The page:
For well over a year before this election, activisits on the left and centre had been discussing what to do about Vision Vancouver. There were endless discussions about the possibility of putting together an anti-Vision slate; but most of these debates bogged down as they tend to do.
Bill McCreery and others put together a revival of the 1980s TEAM party. During the winter of 2013-14 there were extensive meetings between TEAM and Neighbourhoods for a Sustainable Vancouver (NSV) which had run candidates in 2011. The belief and hope was that a joint-party would become the organizational base for an effective anti-Vision slate. As usual in many such cases, egos on both sides put an end to that dream, and within a few months, both TEAM and NSV had collapsed as effective mass organizations and neither ran candidates.
Their failure to come together rang loudly through the pre-election scramble for an alternative to the ruling regime. There were talks with COPE (before their nominations) and there were hopes, always likely to be dashed, that the Greens might join in. But all talks of an amalgamated opposition had quietened down by summer.
Alternatives did arise, of course. Vancouver First took the right wing position (although only on Parks Board to begin with), while the NPA got their act together and took over the mainstream right-of-centre arc; and the Greens placed themselve as centrist-progressives, I guess. That leaves COPE, OneCity, and the Cedar Party to consider.
The Cedar Party: This was very brave, for two apolitical brothers to set up a political party in order to publicize what they saw as, at least, incompetence by Vision Vancouver and City staff in the management of landuse and zoning and contracting. This was more a mission than a campaign; but both Glen and Nicholas learned quickly and by the end were able to hold their own in Town Hall and all-candidates’ meetings. Once they recognized that they could hang their hat on the Coalition of Vancouver Neighbourhoods’ “Principles & Goals” document, they were able to spread the gospel of transparent collaboration and they deserved more than the 9,000 votes they got. I’ll be interestested to see what the brothers decide to do next.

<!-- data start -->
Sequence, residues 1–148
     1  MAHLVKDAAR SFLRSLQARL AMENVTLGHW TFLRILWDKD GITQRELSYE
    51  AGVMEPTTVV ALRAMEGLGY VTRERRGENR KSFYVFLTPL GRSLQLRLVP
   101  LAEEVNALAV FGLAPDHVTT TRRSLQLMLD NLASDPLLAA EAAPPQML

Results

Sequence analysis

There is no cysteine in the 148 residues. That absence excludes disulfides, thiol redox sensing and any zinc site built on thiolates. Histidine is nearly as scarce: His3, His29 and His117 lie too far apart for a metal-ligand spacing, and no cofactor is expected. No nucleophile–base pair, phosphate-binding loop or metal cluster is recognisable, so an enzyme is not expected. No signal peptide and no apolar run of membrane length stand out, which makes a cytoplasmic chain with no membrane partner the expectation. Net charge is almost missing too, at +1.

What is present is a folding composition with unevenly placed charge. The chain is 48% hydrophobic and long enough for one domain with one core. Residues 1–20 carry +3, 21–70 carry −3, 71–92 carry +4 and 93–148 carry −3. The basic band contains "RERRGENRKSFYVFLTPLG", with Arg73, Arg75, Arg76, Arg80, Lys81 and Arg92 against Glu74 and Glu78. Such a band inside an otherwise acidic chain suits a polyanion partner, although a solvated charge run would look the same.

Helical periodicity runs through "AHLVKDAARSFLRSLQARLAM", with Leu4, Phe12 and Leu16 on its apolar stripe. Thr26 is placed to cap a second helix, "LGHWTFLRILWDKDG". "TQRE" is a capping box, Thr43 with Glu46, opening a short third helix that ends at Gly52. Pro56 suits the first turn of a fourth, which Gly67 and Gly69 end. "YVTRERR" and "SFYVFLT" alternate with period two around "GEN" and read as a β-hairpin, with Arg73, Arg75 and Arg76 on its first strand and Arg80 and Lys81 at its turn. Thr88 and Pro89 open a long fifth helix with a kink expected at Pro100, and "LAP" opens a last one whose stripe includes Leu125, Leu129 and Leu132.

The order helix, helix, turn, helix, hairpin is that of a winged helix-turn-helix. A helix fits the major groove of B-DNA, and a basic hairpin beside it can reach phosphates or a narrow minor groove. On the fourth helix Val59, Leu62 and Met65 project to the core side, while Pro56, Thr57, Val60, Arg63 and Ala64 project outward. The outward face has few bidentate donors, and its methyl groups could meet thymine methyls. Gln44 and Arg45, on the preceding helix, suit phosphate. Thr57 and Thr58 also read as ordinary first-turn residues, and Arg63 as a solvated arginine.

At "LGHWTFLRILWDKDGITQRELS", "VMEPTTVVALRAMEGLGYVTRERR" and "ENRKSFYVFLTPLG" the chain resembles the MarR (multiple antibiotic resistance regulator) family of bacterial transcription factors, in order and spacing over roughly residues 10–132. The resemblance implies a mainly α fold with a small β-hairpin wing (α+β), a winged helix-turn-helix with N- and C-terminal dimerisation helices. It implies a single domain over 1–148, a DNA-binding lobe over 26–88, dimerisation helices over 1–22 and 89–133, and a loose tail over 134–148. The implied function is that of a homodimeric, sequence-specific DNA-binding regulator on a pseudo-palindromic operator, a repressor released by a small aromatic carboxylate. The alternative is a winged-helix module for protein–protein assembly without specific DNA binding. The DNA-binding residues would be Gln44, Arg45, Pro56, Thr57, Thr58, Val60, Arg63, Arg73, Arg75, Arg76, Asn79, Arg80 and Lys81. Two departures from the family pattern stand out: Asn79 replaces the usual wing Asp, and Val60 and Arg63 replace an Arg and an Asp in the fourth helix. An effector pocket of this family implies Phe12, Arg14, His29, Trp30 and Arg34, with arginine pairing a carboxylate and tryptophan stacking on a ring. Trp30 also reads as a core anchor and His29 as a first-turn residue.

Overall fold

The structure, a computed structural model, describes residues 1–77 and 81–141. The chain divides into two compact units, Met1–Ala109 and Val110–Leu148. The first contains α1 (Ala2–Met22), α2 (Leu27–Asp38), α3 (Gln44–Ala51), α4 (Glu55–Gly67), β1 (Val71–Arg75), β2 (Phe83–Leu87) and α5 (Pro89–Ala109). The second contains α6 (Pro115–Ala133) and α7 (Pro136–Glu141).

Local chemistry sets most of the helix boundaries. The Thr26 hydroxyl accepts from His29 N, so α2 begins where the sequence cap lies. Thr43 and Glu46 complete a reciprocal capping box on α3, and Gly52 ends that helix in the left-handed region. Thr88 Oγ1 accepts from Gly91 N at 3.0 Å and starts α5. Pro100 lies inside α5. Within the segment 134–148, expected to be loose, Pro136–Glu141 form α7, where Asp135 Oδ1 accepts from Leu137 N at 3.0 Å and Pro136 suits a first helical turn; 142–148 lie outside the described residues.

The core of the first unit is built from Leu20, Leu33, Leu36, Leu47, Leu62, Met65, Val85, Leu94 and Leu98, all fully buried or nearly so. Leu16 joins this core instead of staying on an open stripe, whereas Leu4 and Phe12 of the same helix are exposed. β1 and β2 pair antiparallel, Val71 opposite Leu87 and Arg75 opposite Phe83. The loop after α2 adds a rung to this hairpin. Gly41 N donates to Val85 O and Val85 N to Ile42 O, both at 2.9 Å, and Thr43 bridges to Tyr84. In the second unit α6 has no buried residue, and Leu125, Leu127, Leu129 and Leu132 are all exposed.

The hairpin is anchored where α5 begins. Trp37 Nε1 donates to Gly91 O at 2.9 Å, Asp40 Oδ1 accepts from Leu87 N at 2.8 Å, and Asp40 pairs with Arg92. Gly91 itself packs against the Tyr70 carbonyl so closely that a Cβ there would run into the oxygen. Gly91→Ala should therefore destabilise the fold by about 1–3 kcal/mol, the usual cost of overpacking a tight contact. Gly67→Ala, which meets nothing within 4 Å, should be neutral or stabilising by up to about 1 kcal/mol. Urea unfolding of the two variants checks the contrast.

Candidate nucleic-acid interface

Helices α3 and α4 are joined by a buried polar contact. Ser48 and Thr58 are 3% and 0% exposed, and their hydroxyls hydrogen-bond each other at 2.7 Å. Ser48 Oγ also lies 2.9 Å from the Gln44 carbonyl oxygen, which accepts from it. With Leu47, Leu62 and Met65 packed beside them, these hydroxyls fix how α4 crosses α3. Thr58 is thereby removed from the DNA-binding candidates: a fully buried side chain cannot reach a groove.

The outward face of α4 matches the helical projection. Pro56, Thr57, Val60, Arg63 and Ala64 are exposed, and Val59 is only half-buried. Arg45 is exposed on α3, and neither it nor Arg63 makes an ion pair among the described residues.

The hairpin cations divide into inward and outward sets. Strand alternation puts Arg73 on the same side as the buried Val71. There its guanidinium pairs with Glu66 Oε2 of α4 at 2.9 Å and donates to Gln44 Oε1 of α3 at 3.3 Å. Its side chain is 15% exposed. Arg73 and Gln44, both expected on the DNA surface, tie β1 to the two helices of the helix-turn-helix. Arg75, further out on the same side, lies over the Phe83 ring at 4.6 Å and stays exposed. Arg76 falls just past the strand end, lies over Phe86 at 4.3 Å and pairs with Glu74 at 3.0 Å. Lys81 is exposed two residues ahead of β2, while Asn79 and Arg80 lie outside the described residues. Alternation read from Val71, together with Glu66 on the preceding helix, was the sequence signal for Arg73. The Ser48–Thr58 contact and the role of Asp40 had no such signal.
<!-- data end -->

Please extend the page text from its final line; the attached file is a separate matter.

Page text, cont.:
Even the Left Front must be amazed at the campaign sparkle that Meena Wong brought to her role as COPE‘s mayoral candidate. They knew well in advance that Union money wasn’t coming their way this year, and I often got the impression this campaign was going to be simply a holding action to cement their position in the DTES. But Meena Wong wasn’t having any of that. Her fierce rhetoric and obvious passion lit up the campaign and at least put COPE in a position to survive. Unfortunately, she didn’t wear well as the campaign went on and she received closer scrutiny. In the end, she didn’t seem cut out for the executive duties of civic office. She might find provincial or federal politics a better fit.
Personally I am happy to see the party do as well as it did because we need a genuine left-wing party in Vancouver. It might as well be COPE.
OneCity, the group that evolved from a COPE breakaway, and is bolstered by some solid progressives in the background, ran what was in my opinion the best campaign of any party. They produced good clean policy-oriented statements on important issues, used well-produced videos, weren’t afraid of a bit of fun. R.J. Aquino turned out to be a fine candidate who spoke well at the various meetings. I remember that even from their earliest meeting, OneCity was always aimed at 2018, and I’m sure the 30,000 votes they atracted this time will encourage them to stay in the game.
My prefered type of governance in Vancouver remains a two-member ward system with no parties and strict financial rules. In the absence of that before 2018, I suspect that one of the possible trajectories for OneCity would be to gradually replace COPE. But I don’t favour that myself, because there is a place for COPE as a left-wing alternative. I would prefer that OneCity gradually take over the labour and progressive side of Vision Vancouver, leaving Vision’s more corporatist developer-matrix to be sucked up by a revived NPA. Vision would thus be disposed of from both ends. We would then have a reasonable continuum of choice: COPE – OneCity – NPA – Vancouver First. But that begs the question: where then lies the Greens?